Payroll and Prepaid Debit Cards

Payroll and Prepaid Debit Cards
Eileen St. Pierre, The Everyday Financial Planner

A few weeks ago, I received a FedEx envelope at my door. It contained a check for some training I completed last month. At first I mumbled under my breath how delivering the check cost almost as much as the check itself. Then I began to appreciate the dignity shown towards the paper check. Paper checks are going extinct. The only time many kids growing up today have ever seen one is in their birthday cards from their grandparents.

Payroll and prepaid debit cards have been growing in popularity. Government agencies, businesses and other organizations have increasingly relied on these cards as an effective and cost efficient method of payment. According to the New York Times, nearly $77 billion was loaded on prepaid debit cards last year, and industry experts believe that number will double by 2015.

There is also a growing trend of people using them in lieu of a checking account.

  • Both federal and state governments have moved away from paper checks and issue refunds on preloaded debit cards to taxpayers without bank accounts for direct deposits.
  • There is a segment of the population who are suspicious of the banking system. Others may not qualify for traditional checking accounts, while some are just seeking to avoid overdraft fees and other associated charges.
  • Using preloaded debit cards is safer than carrying around lots of cash. For anyone who distrusts banks, perhaps getting comfortable with the technology of the debit cards will lead them to feeling more confident about checking accounts and electronic banking in general.

Pros

Prepaid debit cards have their advantages. Unlike regular bank debit cards, preloaded cards are not tied directly to a bank account or personal information such as a Social Security Number, which affords a measure of security against identity theft or consumer fraud.

  • These cards give users the ability to control the outflow of money. After all, you can only spend what is available on the card without adding more funds, which makes them a viable option for parents who want to teach their kids to budget and use money wisely.
  • Because the cards generally provide the same flexibility of regular debit cards, you can do your grocery shopping, make online purchases, pay bills and even access ATMs with the preloaded cards.
  • They can be good alternatives to cash, regular debit cards or credit cards when you are traveling, including overseas.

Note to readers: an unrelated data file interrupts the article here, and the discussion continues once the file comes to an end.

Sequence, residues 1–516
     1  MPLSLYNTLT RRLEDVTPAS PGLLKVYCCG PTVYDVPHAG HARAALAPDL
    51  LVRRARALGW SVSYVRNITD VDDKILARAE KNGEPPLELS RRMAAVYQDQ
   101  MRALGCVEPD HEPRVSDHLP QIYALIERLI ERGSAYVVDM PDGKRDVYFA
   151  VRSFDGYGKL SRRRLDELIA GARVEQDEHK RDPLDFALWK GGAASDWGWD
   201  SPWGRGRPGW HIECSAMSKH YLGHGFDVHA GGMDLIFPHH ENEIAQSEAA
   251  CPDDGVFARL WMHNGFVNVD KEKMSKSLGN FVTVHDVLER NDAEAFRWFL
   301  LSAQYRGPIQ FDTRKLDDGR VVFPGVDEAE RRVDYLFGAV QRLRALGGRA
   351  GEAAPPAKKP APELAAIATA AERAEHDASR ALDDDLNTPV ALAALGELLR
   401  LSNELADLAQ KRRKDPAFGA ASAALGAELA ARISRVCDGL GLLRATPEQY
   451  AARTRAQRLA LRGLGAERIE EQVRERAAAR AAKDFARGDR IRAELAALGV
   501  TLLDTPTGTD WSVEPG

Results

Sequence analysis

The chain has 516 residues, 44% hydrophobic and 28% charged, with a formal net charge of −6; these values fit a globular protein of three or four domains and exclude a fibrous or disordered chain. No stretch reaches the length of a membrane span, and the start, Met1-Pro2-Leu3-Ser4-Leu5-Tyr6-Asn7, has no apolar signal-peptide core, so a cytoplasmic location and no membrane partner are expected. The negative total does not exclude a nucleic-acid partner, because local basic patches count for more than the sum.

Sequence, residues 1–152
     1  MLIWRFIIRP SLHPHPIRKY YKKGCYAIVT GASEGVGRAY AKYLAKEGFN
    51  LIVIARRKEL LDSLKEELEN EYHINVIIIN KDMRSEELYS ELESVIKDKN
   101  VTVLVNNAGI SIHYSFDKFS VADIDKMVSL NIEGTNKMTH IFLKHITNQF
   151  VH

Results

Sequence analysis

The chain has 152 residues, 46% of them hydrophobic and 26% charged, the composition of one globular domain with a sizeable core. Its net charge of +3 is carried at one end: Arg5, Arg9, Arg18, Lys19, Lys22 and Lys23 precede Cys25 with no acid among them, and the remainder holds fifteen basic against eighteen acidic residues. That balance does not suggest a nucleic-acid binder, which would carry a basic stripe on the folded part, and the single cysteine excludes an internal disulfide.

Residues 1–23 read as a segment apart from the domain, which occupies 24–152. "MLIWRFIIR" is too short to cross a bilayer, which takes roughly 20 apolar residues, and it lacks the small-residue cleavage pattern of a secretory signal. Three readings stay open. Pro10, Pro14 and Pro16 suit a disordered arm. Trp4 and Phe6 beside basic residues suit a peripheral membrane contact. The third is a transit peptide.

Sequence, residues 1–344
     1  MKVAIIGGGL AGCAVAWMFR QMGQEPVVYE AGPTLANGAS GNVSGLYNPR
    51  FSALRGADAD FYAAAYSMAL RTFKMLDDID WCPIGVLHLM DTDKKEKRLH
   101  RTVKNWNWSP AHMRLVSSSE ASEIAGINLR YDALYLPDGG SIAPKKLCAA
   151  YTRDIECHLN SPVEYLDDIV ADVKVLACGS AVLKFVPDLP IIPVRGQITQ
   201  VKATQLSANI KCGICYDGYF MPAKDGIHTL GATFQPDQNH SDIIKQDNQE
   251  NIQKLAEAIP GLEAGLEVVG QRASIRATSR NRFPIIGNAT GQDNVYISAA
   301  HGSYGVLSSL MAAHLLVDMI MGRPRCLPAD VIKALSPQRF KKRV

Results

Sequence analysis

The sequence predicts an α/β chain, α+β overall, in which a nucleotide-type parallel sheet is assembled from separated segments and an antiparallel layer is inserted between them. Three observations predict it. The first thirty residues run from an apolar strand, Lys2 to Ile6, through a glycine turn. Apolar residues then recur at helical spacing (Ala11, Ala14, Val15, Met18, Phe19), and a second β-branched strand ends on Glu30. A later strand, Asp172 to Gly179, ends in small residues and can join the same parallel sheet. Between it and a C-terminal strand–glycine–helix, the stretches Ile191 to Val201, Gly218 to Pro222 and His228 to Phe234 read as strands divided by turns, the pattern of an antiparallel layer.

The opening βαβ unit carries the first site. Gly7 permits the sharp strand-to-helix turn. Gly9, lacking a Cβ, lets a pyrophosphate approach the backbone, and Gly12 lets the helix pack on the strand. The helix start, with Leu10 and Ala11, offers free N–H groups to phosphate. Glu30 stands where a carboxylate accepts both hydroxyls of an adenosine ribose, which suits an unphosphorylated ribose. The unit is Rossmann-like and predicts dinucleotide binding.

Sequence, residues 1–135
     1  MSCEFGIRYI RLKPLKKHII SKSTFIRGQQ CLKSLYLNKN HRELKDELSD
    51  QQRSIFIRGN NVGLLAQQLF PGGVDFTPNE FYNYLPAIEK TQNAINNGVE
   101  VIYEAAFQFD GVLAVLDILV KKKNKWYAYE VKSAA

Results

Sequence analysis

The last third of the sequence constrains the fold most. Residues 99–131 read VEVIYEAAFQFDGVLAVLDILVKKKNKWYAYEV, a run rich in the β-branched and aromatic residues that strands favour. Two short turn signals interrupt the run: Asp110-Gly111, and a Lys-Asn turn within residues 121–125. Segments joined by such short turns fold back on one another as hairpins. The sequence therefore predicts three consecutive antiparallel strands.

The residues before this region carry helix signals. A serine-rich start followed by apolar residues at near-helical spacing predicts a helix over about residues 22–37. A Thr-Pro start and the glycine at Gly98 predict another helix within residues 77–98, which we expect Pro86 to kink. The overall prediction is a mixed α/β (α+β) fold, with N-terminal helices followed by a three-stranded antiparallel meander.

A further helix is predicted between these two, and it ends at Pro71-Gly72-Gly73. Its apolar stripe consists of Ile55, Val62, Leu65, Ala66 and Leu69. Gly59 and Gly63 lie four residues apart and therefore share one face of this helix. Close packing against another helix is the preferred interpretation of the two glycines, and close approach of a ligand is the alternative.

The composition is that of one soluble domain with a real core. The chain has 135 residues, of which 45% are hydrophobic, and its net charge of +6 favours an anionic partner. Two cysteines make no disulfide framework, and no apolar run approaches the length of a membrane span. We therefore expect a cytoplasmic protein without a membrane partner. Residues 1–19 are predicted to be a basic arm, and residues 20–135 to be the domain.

[Read my Travel and Money column for financial tips for travelers.]

Cons

On the flip side, the main complaint against prepaid debit cards is the fees for using them.

  • Depending on the card, users could be charged for services such as activation, reloading and maintenance, and those fees can come in higher compared to those linked with traditional checking accounts.
  • In its July 2013 issue, Consumer Reports ranked 26 prepaid debit cards in four categories: Value, Convenience, Safety and Fees.
  • Consumer Reports found that while all prepaid cards in its survey claim to offer some form of loss or fraud and recredit policy, these protections are often vaguely defined. In addition, card issuers include these protections voluntarily and can revoke them at any time. This can leave consumers vulnerable.
  • Because the cards function like cash, frequent users of prepaid debit cards do not have a chance to build a relationship with a bank or establish a credit history.

Payroll Cards

On September 12, the Consumer Financial Protection Bureau (CFPB) issued a bulletin reminding employers they cannot require their employees to receive wages on a payroll card. Employees must be given options. Payroll cards fall under the CFPB’s jurisdiction, while state law would govern other payment options the employer must offer.

Important Employee Consumer Protections:

  • Disclosure of fees must be clear, in writing, and given to employees to keep.
  • Access to your account history, including fees imposed for fund transfers, must be provided. You should be able to check your balance by phone and online.
  • Limited liability for unauthorized use if such use is reported within a certain period of time.
  • Know your error resolution rights – if you report a payroll account error, the financial institution much respond so long as the report is received within a certain period of time.

Electronic transfers of funds are here to stay. I do have to admit that I get that same feeling when I see money directly deposited into my account that I did when I used to pick up a paycheck. I love using PayPal. Not giving up my purse, though. I don’t care how old-fashioned I look.

Visit my Basic Financial Management page for more information.